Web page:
26 September 2017

Millenials are expressive beings. As someone in their mid-twenties, emojis are almost my native language.

Growing up in the 90s I’ve indulged in plenty of MSN emoticon conversations, cheeky standardised text smilies, and embraced the modern smartphone emoji with open arms.

There’s an emoji for almost every food, every object, every emotion. There’s even a poo! They’re a part of my – and my peers’ – everyday.

With the average millennial in the western world sending more than 2,000 texts per month, and accessing Facebook around 14 times per day, that’s a heck of a lot of social communication – and emojis. We love it, we live it, we breathe it. So “casting” an emoji as the lead character in an animated film is not only completely logical, but coupled with a creative and compelling storyline, is so on point in 2017 pop culture.

Producers Sony were right on the money.

“Kids” movies aren’t normally on my radar so I was intrigued about The Emoji Movie. After a July US premiere, Kiwis have been waiting in eager anticipation for the animated sensation, and it certainly doesn’t disappoint.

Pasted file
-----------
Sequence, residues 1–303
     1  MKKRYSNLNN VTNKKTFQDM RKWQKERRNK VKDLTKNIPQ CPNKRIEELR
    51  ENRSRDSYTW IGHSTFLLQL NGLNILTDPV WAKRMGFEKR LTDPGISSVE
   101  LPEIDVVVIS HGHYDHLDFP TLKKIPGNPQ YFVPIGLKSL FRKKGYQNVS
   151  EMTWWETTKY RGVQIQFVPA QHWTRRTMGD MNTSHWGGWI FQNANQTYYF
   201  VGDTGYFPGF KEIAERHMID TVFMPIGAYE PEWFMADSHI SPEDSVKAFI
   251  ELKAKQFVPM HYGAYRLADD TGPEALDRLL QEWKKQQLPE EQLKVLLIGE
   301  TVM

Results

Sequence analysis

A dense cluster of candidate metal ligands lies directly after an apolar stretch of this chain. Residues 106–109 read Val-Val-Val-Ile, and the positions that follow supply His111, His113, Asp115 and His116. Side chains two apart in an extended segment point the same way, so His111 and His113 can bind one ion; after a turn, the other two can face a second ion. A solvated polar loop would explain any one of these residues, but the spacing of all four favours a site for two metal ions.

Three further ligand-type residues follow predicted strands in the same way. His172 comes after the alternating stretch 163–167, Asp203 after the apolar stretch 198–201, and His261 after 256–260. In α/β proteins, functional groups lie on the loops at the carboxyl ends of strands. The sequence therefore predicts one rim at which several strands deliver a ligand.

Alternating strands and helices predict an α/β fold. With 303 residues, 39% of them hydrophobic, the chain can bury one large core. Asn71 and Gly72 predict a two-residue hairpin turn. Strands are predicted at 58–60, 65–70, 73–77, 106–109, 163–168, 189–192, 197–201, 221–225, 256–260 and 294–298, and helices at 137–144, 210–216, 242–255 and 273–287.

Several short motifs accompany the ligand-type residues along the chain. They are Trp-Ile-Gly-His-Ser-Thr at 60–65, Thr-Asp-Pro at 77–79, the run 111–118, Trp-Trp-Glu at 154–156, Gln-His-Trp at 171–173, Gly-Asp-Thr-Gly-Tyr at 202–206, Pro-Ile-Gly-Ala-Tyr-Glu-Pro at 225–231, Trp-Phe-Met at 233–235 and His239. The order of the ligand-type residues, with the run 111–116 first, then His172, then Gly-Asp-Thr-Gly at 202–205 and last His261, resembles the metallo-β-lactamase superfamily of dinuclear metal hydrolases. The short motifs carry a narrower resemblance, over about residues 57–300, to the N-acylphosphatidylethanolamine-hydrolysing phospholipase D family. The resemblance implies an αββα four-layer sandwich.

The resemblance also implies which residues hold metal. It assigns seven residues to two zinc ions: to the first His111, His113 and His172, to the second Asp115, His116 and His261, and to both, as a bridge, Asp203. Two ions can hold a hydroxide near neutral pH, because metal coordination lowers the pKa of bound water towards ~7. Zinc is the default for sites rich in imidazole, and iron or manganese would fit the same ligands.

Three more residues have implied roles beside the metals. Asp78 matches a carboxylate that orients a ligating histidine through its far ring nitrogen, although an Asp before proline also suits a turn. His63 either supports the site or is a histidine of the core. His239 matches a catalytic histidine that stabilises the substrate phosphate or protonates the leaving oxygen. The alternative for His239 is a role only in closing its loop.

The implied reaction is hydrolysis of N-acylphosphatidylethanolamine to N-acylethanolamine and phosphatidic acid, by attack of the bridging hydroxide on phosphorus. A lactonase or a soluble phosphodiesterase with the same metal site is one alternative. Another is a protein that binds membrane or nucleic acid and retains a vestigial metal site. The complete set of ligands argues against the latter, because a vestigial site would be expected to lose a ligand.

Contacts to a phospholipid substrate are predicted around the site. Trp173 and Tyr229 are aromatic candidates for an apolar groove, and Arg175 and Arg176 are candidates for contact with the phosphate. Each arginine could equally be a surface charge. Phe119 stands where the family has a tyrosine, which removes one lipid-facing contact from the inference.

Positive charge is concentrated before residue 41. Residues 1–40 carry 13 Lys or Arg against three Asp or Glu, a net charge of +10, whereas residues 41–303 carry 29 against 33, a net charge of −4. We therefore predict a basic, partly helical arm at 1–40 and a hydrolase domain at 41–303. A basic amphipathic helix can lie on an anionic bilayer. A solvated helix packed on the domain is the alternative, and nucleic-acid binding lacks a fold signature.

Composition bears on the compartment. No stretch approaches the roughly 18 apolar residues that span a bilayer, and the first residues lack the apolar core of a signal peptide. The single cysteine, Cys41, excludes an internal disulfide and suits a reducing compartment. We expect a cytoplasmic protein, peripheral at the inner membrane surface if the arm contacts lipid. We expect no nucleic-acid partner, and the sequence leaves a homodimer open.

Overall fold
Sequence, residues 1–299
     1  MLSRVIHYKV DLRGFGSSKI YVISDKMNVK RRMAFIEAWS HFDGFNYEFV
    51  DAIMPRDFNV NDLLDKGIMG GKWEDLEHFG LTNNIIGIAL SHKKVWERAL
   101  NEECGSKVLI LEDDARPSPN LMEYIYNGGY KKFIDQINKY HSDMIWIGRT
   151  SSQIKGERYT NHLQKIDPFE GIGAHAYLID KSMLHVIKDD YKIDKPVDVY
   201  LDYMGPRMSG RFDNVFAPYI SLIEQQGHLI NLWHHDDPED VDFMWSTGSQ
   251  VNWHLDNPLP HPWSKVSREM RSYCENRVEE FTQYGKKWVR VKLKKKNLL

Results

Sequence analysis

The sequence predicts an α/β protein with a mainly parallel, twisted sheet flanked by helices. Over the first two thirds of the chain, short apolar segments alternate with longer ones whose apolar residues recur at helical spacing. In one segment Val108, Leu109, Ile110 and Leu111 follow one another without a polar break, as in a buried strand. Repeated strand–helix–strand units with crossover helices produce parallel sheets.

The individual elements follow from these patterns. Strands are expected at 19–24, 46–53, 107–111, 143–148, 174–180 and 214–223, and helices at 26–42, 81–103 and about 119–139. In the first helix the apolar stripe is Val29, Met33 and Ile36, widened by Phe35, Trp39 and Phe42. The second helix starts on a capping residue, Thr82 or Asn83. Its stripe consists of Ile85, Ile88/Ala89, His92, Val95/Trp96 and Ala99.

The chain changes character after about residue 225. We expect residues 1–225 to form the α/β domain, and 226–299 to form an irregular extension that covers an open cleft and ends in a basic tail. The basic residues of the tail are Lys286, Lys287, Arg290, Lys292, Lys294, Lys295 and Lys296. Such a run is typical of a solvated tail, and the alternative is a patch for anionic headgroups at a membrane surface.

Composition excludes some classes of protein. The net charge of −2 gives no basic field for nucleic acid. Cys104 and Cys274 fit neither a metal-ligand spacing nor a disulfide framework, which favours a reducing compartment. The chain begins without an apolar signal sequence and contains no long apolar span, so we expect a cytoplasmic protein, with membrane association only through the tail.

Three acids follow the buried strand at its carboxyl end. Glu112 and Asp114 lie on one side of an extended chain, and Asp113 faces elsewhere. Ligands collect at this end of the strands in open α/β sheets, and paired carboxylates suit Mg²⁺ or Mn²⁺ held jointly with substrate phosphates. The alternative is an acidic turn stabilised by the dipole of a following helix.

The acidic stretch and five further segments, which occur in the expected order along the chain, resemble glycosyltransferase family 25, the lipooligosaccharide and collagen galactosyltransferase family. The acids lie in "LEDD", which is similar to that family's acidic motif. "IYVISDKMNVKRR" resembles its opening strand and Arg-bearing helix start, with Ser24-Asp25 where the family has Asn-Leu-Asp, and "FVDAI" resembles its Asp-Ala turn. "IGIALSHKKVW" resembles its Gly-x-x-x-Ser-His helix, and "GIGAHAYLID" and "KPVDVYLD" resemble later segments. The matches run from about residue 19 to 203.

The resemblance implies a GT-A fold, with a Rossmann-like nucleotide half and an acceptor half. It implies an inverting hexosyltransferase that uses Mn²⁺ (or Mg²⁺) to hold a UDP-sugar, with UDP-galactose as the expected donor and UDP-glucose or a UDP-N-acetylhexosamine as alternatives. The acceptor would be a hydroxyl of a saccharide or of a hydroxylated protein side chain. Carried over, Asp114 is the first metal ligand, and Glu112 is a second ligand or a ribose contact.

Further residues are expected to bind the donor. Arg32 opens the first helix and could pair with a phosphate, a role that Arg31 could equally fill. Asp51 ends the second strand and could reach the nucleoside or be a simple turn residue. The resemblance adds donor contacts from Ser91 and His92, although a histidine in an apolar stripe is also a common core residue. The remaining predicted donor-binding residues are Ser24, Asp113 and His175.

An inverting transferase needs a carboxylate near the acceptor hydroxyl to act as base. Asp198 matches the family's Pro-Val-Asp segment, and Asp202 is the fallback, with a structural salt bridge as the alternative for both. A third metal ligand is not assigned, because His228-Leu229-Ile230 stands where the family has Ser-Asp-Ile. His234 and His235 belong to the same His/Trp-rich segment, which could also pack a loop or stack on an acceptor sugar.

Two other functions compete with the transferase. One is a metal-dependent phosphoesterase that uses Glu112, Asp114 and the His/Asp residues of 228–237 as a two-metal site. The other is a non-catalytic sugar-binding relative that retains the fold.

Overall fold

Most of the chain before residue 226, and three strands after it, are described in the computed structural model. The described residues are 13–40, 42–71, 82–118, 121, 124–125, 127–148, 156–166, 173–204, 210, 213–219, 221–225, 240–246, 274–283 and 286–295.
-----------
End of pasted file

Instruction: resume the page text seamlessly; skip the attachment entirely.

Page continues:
The story synopsis is about an emoji named Gene who lives in a phone belonging to teen Alex. Every app within Alex’s phone is its own world, with Gene residing in Textopolis, the Messenger app. Gene – with two “meh” emojis as parents – is supposed to be a meh emoji too, but as he’s able to make multiple faces, is considered a malfunction and is sentenced to deletion. Gene escapes from Textopolis to find a way to have his face fixed, and visits a whole bunch of Alex’s apps, from Spotify, to Candy Crush Saga, to WeChat, Twitter, Just Dance and the Dropbox, resulting in an imaginative adventure where Gene is eventually accepted and celebrated for being different by all of the other emojis in Textopolis.

With a colourful and well thought out design and clever mis-en-scene, the animators perfectly capture the essence of our apps’ “personalities”, resulting in an animation film starkly different to any other. The world inside our smartphones is a relatable and remarkable concept, and whether you’re a kid, a big kid or an adult, you’re going to enjoy this one.

The best part?  The Emoji Movie has a great message. You can be whatever or whoever you want to be – even if to the world you’re essentially just a poo or a yellow guy with a malfunctioning face.

Directed by Tony Leondis
Starring T.J. Miller, Anna Faris, Christina Aguilera, Patrick Stewart


You can see The Emoji Movie at our cinemas now!